In the fifth workshop, regulation within the higher education sector was examined with the help of Prof. Sudha Rao and Dr. Chetan Singhai from NAAC. Higher education is an extremely diverse field which serves a wide range of institutions, courses and students and the sector has been growing steadily in India. Participants argued that norms must be set in place that ensure institutes of higher education have a clear mission, are accountable to their students and adequately prepare them for jobs in their field. The main focus of the workshop was on how quality can and should be assessed in such a context, questioning whether standardisation is a worthwhile goal or it can stifle innovation and progress. They discussed the parallel roles played by the University Grants Commission (UGC) and National Assessment and Accreditation Council (NAAC) in measuring quality and closely reviewed how these are subjectively measured through self-assessments and peer team visits. As both the guests, Prof Rao and Prof Singhai work closely with NAAC, they shared their experiences on the campus visits and participating in delegations to observe how other countries assess quality in their higher education sphere. The workshop concluded by studying the politicization of ‘quality’ in India as neither the state nor the market is fully equipped to determine the goals of higher education.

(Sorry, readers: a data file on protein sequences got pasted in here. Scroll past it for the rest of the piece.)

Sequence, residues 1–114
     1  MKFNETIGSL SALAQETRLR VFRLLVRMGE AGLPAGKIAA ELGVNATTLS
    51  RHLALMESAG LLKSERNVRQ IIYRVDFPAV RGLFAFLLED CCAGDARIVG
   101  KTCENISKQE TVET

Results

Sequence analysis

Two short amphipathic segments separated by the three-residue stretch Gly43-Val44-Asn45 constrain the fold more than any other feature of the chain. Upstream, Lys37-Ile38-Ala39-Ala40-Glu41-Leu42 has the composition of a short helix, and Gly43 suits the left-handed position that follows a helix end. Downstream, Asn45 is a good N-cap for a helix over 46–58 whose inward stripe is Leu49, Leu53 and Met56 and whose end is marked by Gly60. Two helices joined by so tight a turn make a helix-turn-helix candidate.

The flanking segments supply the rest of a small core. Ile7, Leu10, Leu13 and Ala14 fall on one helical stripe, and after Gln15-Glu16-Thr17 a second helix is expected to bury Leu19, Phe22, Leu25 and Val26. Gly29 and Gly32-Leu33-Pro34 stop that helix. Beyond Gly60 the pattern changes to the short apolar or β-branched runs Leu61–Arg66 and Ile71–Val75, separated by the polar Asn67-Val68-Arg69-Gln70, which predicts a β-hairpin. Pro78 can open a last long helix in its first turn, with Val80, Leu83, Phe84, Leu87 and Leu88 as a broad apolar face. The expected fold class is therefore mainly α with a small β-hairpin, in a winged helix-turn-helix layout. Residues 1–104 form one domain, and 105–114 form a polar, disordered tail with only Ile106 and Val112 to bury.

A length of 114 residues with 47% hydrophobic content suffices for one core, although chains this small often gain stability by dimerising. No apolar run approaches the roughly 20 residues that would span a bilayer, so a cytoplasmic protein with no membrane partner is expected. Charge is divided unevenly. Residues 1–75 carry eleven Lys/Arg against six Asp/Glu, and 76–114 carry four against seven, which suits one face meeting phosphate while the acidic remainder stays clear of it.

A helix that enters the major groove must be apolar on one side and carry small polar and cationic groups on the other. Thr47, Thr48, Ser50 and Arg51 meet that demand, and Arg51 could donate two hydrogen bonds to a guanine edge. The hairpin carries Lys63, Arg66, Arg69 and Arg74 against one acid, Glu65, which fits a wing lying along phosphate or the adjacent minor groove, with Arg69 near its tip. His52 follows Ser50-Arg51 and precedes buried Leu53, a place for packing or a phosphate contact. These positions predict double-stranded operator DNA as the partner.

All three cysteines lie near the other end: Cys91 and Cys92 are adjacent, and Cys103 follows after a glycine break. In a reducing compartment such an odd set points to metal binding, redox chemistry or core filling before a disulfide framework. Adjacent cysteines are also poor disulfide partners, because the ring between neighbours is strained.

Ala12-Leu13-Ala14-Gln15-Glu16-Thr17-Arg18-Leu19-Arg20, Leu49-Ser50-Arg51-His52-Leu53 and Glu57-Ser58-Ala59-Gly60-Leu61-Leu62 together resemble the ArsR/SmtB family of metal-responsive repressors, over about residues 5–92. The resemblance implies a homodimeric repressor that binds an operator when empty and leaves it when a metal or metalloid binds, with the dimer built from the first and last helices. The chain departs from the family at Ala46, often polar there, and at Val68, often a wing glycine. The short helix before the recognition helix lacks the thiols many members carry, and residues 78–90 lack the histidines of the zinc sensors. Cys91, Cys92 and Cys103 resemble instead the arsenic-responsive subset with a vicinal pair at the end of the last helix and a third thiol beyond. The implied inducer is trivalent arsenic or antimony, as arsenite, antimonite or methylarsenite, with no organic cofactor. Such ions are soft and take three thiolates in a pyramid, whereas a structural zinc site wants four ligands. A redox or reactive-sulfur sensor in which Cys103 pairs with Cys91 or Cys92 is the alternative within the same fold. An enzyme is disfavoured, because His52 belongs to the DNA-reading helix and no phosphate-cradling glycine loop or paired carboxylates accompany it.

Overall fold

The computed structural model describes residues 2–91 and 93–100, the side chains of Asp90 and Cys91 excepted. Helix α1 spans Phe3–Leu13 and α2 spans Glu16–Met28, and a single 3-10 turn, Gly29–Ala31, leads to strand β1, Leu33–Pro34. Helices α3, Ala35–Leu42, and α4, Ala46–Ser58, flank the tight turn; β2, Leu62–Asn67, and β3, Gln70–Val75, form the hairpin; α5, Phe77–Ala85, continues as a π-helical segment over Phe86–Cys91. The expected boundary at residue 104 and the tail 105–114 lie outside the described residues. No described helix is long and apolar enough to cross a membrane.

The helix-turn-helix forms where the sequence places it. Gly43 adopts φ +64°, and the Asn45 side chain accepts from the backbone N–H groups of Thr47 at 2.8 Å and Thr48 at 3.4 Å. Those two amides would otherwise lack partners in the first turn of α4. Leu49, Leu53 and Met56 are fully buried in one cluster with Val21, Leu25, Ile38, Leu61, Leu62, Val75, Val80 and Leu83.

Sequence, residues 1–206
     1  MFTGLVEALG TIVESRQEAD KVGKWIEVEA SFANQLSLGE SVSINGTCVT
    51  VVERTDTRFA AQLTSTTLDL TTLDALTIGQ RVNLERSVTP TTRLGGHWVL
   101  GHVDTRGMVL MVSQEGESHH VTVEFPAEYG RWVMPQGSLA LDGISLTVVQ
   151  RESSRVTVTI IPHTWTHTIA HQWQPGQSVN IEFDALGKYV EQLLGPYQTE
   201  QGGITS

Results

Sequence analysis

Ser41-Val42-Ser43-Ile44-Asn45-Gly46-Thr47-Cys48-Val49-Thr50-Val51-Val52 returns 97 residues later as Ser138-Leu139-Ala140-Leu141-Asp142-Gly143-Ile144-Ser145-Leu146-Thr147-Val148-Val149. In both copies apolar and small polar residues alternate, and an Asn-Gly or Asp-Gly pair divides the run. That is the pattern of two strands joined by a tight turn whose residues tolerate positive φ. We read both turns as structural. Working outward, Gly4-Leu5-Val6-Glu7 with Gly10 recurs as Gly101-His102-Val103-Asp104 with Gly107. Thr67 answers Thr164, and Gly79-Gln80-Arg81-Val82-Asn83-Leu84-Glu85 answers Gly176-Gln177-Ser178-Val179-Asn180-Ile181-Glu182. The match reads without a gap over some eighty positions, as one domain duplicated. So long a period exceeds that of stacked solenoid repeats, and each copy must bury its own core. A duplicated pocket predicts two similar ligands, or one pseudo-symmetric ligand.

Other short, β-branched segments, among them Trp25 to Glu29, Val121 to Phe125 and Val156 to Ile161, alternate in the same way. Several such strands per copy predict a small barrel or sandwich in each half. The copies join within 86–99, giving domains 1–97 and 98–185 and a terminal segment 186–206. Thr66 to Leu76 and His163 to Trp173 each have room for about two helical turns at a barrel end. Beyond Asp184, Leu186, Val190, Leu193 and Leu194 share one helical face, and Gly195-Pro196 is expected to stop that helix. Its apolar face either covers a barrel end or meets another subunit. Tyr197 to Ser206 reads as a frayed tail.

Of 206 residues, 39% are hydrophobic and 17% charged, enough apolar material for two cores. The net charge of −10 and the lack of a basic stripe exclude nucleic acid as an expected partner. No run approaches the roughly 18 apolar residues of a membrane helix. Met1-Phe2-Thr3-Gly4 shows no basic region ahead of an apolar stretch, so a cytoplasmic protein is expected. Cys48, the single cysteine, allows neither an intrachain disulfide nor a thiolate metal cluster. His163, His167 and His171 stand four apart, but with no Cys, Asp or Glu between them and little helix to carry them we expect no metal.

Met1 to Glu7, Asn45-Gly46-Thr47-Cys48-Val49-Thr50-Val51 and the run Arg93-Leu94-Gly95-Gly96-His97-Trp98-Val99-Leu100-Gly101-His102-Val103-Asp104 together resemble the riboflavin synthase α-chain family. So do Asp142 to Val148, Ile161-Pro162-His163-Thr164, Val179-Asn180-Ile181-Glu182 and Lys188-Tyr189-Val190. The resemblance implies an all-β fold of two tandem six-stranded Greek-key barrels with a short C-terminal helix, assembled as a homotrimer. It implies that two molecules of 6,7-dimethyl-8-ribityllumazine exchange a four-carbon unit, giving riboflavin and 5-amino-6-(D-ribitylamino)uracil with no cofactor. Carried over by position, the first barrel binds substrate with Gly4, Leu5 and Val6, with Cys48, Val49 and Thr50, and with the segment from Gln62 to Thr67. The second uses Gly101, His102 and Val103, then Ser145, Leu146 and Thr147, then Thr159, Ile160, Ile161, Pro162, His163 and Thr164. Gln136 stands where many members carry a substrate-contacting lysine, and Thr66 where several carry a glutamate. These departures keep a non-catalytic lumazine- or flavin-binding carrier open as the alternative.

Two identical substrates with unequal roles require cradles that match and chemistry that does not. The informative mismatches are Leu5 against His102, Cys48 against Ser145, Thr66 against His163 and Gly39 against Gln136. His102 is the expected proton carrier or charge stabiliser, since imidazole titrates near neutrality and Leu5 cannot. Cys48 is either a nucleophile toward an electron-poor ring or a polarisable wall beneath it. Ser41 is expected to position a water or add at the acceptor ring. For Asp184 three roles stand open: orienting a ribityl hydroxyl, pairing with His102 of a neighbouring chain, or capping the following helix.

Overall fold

In the final workshop, participants looked at regulation of the media sector along with Mr. Krishnaprasad (current Member of Press Council of India) and Mr Ravindra Kumar (MD and Editor of “The Statesman”, former President of Indian Newspaper Society). Participants began by highlighting the corporate incentive to get into media, which leads to creation of monopolies by mainstream media businesses. While this is a trend that has been taken to the extreme in the US, the Indian media still has a healthy degree of competition especially including Hindi and regional language media. Students discussed horizontal and vertical ‘cross-media ownership’ through print, online, television and radio as well as DTH and streaming or broadband services and looked at contemporary issues including the influence of TRPs and advertising, role of social media in spreading fake news and political biases of certain journalists. There was particular interest in the social and political role media could play in what is increasingly being described as a “post truth society” and where regulation could induce media houses to be more responsible and where it restricted the freedom of the press. Both Mr. Kumar S and Ms. Anitha spoke about their personal experiences as print journalists in the Kannada press and what inspired them to take up the profession in the first place. The session ended with Mr. Ravindra Kumar joining in via videoconference to add his insights on the contemporary scenario of ‘media divergence’ or segmentation in the market and take questions.